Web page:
Smurphs: Yes, people can have reasonable secular doubts about abortion. But to reach the stage where you want to ban women from having abortions because it's "murder" requires a religious foundation. Scratch any rabid anti-abortionist, and you'll find weird ideas about God in there soon enough.

Zepp Jamieson said...

Oh, one good point the Doctor made that I meant to address: Weld. Yes, he's a good man, one of the best amongst all Republicans. And yes, I could see my way to supporting him. And I didn't miss that he got 10% of the vote from Republicans in New Hampshire.

But he's 85 years old.

TCB said...

I lived in Massachusetts under Bill Weld and I voted for him. He is literally the only Republican I would lend my car to.

On the other hand, some pretty crazy shit would have to go down at the convention for him to win.

Larry Hart said...

reformed tourist:

My initial reaction to viewing this https://twitter.com/VOANews/status/1228754841360621568

was that there was a disturbingly prescient antecedent


It reminds me of nothing more than Circe (or however they spell it) in Game of Thrones. What I wouldn't pay to see the next scene being the High Sparrow informing Ivanka of disturbing allegations against her.

Treebeard said...

To be a leftist Democrat in America you have to be some kind of extreme masochist. You are continually told to sit down and shut up, vote for the Party and stop being a splitter and a foreign agent, while the neoliberals who own the Party proceed to sabotage anything that would actually reign in the hyper-capitalist corporate war machine and offer only superficial virtue-signalling in return. Always issues of class division and militarism are deprecated in favor of divide-and-rule identity politics that distract from more substantive issues. The mainstream media, wholly owned and operated by the neoliberal elite, does everything it can to shut you out of the conversation or vilify you for not toeing the neoliberal line. The tricks of this crowd are well known and understood by now, but maybe this time Sanders has found a way to defeat them from the left.

I like Sanders not because I think he would be easy for Trump to defeat (he wouldn’t), but because he’s challenging this nasty, mendacious and manipulative neoliberal status quo, despised by Trump deplorables and Sander supporters alike. Aversion to this status quo was the message of ‘16, which Democrats have largely ignored, focusing instead on calling Trump and his supporters an endless variety of juvenile names and blaming phantom Russkies, while looking for a way to screw Sanders again. The historically indicated and richly deserved thing is for Sanders to do to the Democratic establishment in ‘20 what Trump did to the GOP in ‘16. I mean, when the two leading contenders for your party’s nomination are an Independent and a Bush Republican, what does that tell you about your party’s popularity? Sometimes the only way to advance your cause is to defeat the saboteurs in your own ranks, which in this case aren’t the pro-Putin splitters of the neoliberals’ hallucinations, but the neolibs themselves, who took over the Party on behalf of the ruling class a long time ago. At some point you have to have some dignity, stop being used like a cheap whore and take a stand. This looks like as good a time as any. Anyway, that’s my best attempt at giving leftists some friendly advice, for what it’s worth. Fight. You have little to lose, and you may even win.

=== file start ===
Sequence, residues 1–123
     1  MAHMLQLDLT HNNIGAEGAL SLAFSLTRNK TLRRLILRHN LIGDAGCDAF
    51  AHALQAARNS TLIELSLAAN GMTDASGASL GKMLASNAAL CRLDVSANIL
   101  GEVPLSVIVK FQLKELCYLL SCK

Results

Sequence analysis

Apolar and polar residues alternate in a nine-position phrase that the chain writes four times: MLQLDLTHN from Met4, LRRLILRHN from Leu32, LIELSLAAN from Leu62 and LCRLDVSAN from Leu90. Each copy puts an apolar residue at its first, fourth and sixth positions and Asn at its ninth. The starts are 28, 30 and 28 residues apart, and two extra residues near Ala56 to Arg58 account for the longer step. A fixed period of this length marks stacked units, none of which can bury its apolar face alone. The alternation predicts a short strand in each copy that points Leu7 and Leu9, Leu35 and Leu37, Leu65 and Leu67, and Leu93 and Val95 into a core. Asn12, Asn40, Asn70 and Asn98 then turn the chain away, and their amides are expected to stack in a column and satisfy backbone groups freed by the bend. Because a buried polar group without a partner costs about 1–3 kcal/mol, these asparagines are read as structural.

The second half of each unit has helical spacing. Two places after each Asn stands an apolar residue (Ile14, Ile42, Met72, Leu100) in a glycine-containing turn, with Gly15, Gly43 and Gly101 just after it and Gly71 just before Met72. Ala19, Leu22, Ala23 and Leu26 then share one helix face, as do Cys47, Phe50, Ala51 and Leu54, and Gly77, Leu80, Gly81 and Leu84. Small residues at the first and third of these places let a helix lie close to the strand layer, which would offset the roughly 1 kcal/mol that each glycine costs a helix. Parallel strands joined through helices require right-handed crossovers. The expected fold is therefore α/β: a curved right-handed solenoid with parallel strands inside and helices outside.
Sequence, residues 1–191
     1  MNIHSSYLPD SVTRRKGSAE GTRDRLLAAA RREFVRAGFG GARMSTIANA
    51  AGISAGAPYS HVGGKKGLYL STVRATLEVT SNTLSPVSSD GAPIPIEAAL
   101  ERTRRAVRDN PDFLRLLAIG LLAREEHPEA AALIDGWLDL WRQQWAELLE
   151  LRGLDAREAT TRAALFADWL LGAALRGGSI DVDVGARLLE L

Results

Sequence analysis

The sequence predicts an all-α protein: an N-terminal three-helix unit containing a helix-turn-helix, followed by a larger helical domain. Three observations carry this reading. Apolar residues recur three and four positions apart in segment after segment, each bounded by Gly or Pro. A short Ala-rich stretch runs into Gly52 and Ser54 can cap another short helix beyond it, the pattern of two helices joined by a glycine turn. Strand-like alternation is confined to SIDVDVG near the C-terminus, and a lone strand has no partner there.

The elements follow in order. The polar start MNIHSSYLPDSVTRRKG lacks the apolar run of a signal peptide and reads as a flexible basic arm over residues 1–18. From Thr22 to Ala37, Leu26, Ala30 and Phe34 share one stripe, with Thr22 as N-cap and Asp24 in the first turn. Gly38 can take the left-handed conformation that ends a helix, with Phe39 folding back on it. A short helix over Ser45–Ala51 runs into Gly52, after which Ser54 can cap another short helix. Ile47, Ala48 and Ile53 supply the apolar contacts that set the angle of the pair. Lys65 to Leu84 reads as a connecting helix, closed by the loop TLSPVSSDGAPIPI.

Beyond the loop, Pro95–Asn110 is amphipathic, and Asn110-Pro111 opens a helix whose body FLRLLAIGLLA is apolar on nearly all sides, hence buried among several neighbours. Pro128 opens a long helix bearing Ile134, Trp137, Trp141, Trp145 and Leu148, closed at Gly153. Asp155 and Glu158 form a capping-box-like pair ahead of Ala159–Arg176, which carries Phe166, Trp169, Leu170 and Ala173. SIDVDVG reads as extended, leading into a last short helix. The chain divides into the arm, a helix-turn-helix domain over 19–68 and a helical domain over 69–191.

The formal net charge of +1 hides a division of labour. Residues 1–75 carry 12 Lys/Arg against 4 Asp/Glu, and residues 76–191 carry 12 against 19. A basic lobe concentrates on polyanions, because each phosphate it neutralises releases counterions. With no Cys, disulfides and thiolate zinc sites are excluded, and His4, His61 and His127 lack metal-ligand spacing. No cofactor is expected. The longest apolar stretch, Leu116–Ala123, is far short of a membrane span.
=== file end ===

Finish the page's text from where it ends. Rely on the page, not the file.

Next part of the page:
Larry Hart said...

The link TCB posted above:
https://www.politico.com/news/2020/02/17/north-carolina-democrats-fear-republican-sabotage-senate-race-115345


What seems like a generic campaign ad pitching Erica Smith, a North Carolina state senator, as “the only proven progressive” in the state’s high-profile Senate race is actually part of a multimillion dollar investment from a mysterious super PAC — the innocuously named "Faith and Power PAC" — with apparent ties to Republicans.


It's hard to tell the purity testing progessives from the rat-f***ing Republicans, isn't it?


“It’s so brazen and obvious. … They recognize that Cunningham is a strong candidate, and they’re worried about holding onto that seat,” said Sen. Tim Kaine (D-Va.). “When Republicans are weighing in for somebody, they’ve made the judgment that they’re worried about Cal, and they’re not worried about her.”


Exactly. When Republicans support a Democratic candidate, it's not because they find him/her acceptable. It's because they think he/she is weak enough to beat. Or they think she/he is a planted mole. I'm looking at you, Tulsi Gabbard. And yes, it is disturbing in the same way that Trump pretends to sympathy for Bernie Sanders.

The situation above is the best argument against open primaries and for smoke-filled rooms of party officials. Why should North Carolina Democrats, who know who their best candidate is, have to worry about getting him through a primary over the votes of crossover Republicans. Do employees of Coca Cola get to vote on business decisions of the Pepsi corporation? What possible argument for preventing non-citizens from voting doesn't also apply to letting the opposition party have a say in the party's nominations?

Larry Hart said...

Treebeard:

To be a leftist Democrat in America you have to be some kind of extreme masochist. You are continually told to sit down and shut up, vote for the Party and stop being a splitter and a foreign agent,...


It's a good thing then that it's so much easier to be a fiscal conservative who believes in Constitutional democracy and the rule of law. At least your party doesn't tell you what to think--like that it's not enough to acquit Benedict Donald of wrongdoing, but you have to agree that his phone call was "perfect". Oh, wait....